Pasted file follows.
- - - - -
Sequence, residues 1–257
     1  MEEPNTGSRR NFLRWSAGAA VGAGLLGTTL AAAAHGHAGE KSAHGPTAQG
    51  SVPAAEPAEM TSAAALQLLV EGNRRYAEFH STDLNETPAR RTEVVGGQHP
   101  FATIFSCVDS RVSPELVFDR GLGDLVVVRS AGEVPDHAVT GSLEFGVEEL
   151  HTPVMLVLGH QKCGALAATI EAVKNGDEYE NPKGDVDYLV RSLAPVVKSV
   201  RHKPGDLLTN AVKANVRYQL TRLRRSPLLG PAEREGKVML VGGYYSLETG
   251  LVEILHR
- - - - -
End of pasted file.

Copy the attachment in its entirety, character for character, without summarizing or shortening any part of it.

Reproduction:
Sequence, residues 1–257
     1  MEEPNTGSRR NFLRWSAGAA VGAGLLGTTL AAAAHGHAGE KSAHGPTAQG
    51  SVPAAEPAEM TSAAALQLLV EGNRRYAEFH STDLNETPAR RTEVVGGQHP
   101  FATIFSCVDS RVSPELVFDR GLGDLVVVRS AGEVPDHAVT GSLEFGVEEL
   151  HTPVMLVLGH QKCGALAATI EAVKNGDEYE NPKGDVDYLV RSLAPVVKSV
   201  RHKPGDLLTN AVKANVRYQL TRLRRSPLLG PAEREGKVML VGGYYSLETG
   251  LVEILHR